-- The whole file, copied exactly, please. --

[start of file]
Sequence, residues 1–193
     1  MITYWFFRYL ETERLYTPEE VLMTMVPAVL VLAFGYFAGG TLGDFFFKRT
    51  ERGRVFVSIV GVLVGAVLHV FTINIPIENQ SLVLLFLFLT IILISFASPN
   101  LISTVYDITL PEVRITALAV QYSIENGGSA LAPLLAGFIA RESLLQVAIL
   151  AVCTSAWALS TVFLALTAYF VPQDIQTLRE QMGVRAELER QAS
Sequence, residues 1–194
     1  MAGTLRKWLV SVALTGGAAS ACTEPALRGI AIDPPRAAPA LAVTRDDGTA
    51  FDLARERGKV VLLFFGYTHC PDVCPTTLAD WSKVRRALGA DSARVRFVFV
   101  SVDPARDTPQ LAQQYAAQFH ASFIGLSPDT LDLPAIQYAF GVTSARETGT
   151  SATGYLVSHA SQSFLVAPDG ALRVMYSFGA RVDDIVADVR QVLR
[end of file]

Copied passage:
Sequence, residues 1–193
     1  MITYWFFRYL ETERLYTPEE VLMTMVPAVL VLAFGYFAGG TLGDFFFKRT
    51  ERGRVFVSIV GVLVGAVLHV FTINIPIENQ SLVLLFLFLT IILISFASPN
   101  LISTVYDITL PEVRITALAV QYSIENGGSA LAPLLAGFIA RESLLQVAIL
   151  AVCTSAWALS TVFLALTAYF VPQDIQTLRE QMGVRAELER QAS
Sequence, residues 1–194
     1  MAGTLRKWLV SVALTGGAAS ACTEPALRGI AIDPPRAAPA LAVTRDDGTA
    51  FDLARERGKV VLLFFGYTHC PDVCPTTLAD WSKVRRALGA DSARVRFVFV
   101  SVDPARDTPQ LAQQYAAQFH ASFIGLSPDT LDLPAIQYAF GVTSARETGT
   151  SATGYLVSHA SQSFLVAPDG ALRVMYSFGA RVDDIVADVR QVLR